Naturally, news of the eccentric cult leader had spread far and wide. Anton LaVey had officiated Satanic weddings, including that of New York City socialist Judith Case and journalist John Raymond in 1967. It garnered nationwide attention, though LaVey never allowed his congregation to grow larger than 2,000.
Actress Jayne Mansfield was certainly invited to become a devoted follower. Though she reneged, she posed for pictures with LaVey and called him a “genius.” Sammy Davis Jr., at a time where Rat Pack actor couldn’t have been more famous, was famously introduced to the church at an orgy. When Mansfield and her boyfriend died in a car crash in 1967, rumors swirled that LaVey had put a curse on them.
It was surely just as demonstrably false as LaVey’s claims regarding Marilyn Monroe. Nonetheless, these fabricated claims and ominous tales were whispered about and continuously argued for and denied. This, ultimately, accomplished the same end result that the church had purportedly fought for all along — curiosity.
Even LaVey’s claims of having consulted for Roman Polanski or portraying the devil in his film were proven false.
Perhaps most blasphemous to stern Christian onlookers, Anton LaVey even pulled his family into the Church of Satan — and baptized his own daughter into the fold in May 1967. With three-year-old Zeena being dedicated to Satan, LaVey drew worldwide attention and even chronicled the event on his Satanic Mass LP.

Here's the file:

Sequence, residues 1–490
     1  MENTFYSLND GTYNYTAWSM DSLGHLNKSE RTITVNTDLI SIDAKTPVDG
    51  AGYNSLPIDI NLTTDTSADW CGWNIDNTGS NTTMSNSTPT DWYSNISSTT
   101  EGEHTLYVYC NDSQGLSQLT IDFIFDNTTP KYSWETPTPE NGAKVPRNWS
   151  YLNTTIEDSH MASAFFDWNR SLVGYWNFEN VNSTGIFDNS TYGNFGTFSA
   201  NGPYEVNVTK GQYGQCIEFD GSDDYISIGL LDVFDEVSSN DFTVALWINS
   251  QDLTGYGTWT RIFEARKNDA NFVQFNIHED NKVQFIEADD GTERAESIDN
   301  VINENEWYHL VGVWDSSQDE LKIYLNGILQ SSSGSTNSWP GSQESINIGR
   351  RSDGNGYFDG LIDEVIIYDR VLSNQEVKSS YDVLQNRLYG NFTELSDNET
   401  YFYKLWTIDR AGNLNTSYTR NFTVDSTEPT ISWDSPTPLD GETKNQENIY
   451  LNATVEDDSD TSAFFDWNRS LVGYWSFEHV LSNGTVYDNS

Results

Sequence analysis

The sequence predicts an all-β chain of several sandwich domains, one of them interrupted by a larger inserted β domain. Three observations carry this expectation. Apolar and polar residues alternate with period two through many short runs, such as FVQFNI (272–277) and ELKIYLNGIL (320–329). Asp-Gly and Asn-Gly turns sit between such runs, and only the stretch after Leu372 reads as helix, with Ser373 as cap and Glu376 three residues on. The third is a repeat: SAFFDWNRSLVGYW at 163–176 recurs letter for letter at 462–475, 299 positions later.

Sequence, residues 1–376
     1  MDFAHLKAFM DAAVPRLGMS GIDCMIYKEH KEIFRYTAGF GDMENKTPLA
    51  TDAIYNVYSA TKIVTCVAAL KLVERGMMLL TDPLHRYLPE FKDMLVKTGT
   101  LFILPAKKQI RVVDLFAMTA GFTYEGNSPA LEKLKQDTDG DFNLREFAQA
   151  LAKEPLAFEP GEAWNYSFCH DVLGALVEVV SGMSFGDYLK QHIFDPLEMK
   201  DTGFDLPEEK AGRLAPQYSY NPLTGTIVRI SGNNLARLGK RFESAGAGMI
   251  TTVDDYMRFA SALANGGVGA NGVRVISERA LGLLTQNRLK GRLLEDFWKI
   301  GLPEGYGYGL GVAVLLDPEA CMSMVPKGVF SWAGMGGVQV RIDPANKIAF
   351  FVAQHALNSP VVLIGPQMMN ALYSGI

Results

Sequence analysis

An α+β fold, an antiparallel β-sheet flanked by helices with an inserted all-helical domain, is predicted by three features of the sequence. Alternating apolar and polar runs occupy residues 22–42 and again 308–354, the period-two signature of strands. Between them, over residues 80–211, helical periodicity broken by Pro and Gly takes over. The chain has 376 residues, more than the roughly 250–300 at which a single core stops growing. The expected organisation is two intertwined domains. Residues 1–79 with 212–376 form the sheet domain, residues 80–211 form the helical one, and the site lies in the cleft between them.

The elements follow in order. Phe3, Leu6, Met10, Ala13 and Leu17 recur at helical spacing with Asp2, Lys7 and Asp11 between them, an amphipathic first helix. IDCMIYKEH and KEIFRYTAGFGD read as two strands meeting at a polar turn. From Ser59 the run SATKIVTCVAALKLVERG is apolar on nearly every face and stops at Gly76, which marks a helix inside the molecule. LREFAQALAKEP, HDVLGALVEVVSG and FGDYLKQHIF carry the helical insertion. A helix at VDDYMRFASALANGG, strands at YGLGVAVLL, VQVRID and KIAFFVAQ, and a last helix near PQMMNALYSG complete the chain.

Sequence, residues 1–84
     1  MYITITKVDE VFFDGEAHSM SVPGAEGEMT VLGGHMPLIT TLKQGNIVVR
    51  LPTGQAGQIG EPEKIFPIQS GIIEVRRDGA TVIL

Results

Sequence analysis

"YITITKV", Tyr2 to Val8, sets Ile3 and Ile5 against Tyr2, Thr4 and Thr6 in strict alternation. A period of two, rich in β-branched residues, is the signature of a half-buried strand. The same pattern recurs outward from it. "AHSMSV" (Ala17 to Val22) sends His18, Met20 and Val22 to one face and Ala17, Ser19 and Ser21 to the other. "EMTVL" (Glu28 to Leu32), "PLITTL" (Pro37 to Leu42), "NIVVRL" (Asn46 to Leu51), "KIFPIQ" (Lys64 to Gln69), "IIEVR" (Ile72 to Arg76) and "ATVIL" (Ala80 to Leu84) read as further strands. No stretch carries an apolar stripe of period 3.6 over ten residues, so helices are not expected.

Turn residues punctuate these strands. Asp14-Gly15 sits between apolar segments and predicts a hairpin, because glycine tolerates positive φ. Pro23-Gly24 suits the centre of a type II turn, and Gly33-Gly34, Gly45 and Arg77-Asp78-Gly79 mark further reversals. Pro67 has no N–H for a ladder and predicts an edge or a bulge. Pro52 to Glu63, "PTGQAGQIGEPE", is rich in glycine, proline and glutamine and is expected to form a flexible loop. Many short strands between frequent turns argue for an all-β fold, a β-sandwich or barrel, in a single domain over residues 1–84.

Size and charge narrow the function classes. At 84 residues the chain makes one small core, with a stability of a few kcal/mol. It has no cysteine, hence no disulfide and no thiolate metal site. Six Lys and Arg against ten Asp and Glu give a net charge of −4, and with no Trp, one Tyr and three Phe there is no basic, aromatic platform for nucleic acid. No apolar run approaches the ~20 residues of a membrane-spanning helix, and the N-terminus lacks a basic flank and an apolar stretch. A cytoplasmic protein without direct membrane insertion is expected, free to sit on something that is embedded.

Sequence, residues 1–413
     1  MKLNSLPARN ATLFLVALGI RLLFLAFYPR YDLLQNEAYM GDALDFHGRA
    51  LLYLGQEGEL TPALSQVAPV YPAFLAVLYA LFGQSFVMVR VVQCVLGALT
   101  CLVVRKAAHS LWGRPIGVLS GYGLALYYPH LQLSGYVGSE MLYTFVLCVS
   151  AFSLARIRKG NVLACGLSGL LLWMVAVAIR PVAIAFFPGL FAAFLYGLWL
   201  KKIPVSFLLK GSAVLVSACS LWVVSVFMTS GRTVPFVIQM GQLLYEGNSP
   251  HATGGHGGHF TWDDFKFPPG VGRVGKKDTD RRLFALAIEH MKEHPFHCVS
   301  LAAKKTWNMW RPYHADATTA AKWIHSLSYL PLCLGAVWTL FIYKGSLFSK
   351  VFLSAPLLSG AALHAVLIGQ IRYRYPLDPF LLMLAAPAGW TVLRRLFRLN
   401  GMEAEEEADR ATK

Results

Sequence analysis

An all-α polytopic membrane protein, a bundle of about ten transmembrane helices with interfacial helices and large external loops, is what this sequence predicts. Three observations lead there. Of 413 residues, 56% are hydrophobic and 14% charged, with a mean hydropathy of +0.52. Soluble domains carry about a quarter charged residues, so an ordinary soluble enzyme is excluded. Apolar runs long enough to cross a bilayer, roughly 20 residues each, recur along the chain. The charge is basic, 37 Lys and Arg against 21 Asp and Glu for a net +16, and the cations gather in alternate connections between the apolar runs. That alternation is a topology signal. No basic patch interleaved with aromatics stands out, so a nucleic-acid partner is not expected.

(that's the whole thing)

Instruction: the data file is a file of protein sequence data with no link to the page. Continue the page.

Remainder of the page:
LaVey spent much of his time charging between two and $100 to accompany paying customers in graveyards to hunt for ghosts or stand watch at supposedly haunted houses. He was a paid consultant for those who believed in other realms and needed guidance or connection to those who had passed on.
Though Anton LaVey was a central figure in California during the hippie heyday of the 1960s, his time in the sun soon came to an end. Charles Manson and his Family murdering several Hollywood luminaries in August 1969 seemed to put a global damper on alternative lifestyles, particularly those associated with Satan.
With the notion of saddling up to the devil falling out of favor, a large number of people abandoned the church in a 1970s exodus that would seemingly never recover. Nonetheless, the Church of Satan has since purportedly gained followers in the tens of thousands, as the very notion of Satan these days seems passé.
“He was a defiant, bold man, who acted on his convictions with great personal courage,” his daughter Karla said. “Some called him the world’s most dangerous man; that was because he was not afraid of the consequences of being considered evil.”
Ultimately, Anton LaVey continued to spread the word of Satan until his death on Oct. 29, 1997. In keeping with his specially cultivated image of dark and mysterious, his death certificate lists his date of death as October 31, All Hallows Eve.
His family says it was to make sure his followers weren’t distracted during their most important holiday season. Alas, even in death, Anton LaVey was especially good at sticking to his brand.
After learning about Anton LaVey and the Church of Satan, read about Aleister Crowley, another satanic worshipper. Then, read about Madame LaLaurie, New Orleans’ wickedest woman. Finally, read up on the real-life murder that may have inspired the movie Jennifer’s Body.